I was inspired to share this very personal event in my life because of something I learned from Rabbi Aaron Krupnick, who wrote, “We all make mistakes. The question is what we do with them.” This is my answer.
By STEVEN WENICK
I was a sophomore in high school when I made a mistake—an error in judgment—that would shadow me my entire life. It happened during the change of classes. You know the scene—when the hallways are filled with a cacophony of sounds as students frantically push their way through crowded hallways en route from one classroom to another.
So there I was, alternately tripping over my own feet and juggling an arm full of books, desperately trying to get to my next class when I noticed something fall from my classmate Alan’s pocket and drop to the floor in front of me. I bent down, picked it up and saw, to my amazement, that it was a $20 bill. Hesitating momentarily, glancing over both shoulders to see if anyone was watching, I then made the regrettable mistake of stealthily slipping the bill into my pocket.
Finding $20 back then seemed like a fortune to me—and a stroke of good fortune as well. Since my high school was not a neighborhood school, it was populated by academically inclined students from every neighborhood of the city; consequently its population reflected all strata of the social and financial spectrum. Although my family stood on the lower rung of the economic ladder, it wasn’t the lack of money that caused my poor choice. It was solely lack of good judgment.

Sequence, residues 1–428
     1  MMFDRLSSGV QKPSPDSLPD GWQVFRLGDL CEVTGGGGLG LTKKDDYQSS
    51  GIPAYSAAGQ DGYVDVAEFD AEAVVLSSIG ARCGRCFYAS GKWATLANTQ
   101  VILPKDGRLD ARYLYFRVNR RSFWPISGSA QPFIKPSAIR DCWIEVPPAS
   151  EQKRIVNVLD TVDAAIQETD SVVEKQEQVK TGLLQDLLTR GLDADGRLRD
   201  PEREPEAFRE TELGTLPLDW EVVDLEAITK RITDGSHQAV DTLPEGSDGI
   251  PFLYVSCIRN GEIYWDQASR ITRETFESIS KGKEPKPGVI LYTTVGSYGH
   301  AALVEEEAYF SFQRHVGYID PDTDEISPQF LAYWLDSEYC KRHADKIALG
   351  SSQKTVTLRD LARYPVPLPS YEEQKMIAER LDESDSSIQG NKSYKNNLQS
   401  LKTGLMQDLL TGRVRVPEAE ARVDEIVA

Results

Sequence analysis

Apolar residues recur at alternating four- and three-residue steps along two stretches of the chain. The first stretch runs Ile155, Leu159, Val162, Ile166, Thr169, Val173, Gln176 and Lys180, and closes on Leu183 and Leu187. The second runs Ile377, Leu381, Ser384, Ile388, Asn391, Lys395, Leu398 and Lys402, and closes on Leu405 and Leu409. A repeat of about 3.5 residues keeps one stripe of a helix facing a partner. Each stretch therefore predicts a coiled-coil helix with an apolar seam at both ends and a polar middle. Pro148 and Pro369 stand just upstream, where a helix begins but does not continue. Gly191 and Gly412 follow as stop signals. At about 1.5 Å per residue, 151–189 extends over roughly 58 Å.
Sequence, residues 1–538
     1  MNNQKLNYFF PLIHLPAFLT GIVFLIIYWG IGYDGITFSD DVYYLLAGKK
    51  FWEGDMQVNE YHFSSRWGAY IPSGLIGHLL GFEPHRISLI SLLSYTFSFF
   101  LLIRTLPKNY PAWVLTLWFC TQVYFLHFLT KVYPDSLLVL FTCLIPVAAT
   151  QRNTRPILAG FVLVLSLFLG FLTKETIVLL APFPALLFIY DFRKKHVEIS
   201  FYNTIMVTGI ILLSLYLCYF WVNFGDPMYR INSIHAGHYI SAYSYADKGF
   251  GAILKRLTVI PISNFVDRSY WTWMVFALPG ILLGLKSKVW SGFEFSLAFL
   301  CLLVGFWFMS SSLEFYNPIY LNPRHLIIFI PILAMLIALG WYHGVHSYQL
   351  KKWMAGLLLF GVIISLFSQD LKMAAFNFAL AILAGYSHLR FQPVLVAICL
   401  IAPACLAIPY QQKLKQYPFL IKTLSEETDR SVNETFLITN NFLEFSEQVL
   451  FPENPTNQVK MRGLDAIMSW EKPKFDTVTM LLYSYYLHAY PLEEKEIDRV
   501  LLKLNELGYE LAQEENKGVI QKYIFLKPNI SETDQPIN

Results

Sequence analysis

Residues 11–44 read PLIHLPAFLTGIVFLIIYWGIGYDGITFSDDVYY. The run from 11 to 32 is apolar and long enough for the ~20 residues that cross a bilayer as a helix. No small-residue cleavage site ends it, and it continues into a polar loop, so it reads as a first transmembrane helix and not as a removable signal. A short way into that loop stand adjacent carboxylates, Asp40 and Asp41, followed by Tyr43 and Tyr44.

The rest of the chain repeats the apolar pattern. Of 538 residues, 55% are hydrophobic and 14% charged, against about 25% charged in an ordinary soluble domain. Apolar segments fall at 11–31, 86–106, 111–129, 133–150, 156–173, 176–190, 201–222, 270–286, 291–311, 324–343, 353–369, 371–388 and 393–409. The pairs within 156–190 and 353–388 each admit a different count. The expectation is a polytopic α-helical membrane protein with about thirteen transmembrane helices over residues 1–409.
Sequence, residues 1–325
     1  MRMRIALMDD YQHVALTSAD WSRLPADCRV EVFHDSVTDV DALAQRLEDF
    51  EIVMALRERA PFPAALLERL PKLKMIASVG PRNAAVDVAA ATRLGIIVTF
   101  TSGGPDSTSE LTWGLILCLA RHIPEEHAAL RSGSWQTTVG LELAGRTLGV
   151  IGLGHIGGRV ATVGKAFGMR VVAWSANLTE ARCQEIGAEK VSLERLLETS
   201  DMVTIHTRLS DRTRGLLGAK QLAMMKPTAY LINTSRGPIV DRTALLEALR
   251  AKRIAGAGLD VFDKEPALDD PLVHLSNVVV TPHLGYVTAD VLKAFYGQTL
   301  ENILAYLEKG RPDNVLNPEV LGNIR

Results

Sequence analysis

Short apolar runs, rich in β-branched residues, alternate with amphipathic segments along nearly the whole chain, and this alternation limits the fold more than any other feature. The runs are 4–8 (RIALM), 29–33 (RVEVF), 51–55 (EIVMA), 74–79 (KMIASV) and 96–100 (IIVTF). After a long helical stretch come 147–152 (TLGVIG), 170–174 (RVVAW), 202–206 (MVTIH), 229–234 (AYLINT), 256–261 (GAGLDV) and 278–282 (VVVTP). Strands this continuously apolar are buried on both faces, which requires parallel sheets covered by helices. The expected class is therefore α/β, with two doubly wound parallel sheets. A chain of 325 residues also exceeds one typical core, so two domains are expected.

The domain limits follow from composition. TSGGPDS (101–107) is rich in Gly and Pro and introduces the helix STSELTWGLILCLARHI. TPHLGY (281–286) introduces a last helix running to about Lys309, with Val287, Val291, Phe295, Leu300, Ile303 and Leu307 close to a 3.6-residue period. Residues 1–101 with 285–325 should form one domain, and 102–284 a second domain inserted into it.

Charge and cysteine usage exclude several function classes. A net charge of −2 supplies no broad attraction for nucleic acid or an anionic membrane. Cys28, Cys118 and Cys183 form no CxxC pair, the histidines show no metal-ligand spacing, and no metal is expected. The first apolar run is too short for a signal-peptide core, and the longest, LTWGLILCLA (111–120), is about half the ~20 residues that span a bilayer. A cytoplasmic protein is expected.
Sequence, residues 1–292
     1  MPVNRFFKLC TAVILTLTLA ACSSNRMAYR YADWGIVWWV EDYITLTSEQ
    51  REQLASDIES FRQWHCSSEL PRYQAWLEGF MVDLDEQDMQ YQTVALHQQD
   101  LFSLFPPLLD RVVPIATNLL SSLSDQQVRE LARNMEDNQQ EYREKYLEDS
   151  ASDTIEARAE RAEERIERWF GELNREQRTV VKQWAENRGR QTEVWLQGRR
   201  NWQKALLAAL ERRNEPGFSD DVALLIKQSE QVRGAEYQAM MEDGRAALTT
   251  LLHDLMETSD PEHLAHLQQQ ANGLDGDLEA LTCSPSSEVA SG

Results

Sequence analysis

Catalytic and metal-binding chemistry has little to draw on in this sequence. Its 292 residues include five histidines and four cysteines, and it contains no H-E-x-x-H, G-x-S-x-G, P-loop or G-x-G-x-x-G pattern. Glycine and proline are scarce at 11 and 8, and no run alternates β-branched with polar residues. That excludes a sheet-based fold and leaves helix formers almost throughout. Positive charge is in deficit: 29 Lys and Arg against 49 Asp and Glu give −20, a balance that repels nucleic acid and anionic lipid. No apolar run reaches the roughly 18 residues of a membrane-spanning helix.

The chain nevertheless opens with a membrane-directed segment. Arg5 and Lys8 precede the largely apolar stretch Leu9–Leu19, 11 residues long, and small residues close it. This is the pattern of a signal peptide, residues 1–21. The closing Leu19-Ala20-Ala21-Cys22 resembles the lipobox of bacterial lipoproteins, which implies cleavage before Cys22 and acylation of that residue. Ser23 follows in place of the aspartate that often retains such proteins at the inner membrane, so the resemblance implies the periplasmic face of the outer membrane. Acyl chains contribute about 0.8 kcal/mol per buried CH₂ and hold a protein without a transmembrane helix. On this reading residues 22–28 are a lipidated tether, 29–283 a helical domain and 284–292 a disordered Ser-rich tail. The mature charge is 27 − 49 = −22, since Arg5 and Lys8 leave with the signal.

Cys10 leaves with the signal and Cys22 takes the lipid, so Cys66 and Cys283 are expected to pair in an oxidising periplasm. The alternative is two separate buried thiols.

Having thought of that episode from time to time over the ensuing years, I always managed to convince myself that I found the money in the hallway, when in fact (to use a politician’s terminology) I misappropriated it. I considered myself so lucky to have been in the right place at the right time and I was blind to the fact that the shadow of guilt had become my silent partner for life.
I remember the hard times when my mother asked me to walk to my grandfather’s house to see if she could borrow five dollars until the end of the week when my father got paid. I learned at an early age that even hard work and careful budgeting were no guarantee that there would be sufficient income to make it through to the end of the week. Regrettably, I had not learned the importance of integrity or frugality because I managed to squander my newly absconded funds within a week. But unlike that misappropriated money, the burden of guilt that came with it lasted me a lifetime.
I always regretted making that error in judgment but regrets were not the sufficient balm for a guilty conscience. I needed something more. There is a concept in Judaism that true repentance can be achieved by not committing the same transgression again if given the same opportunity to do it. In other words, I could achieve absolution if I were to be presented with the same opportunity to benefit from someone else’s loss, and resist the temptation to capitalize on it.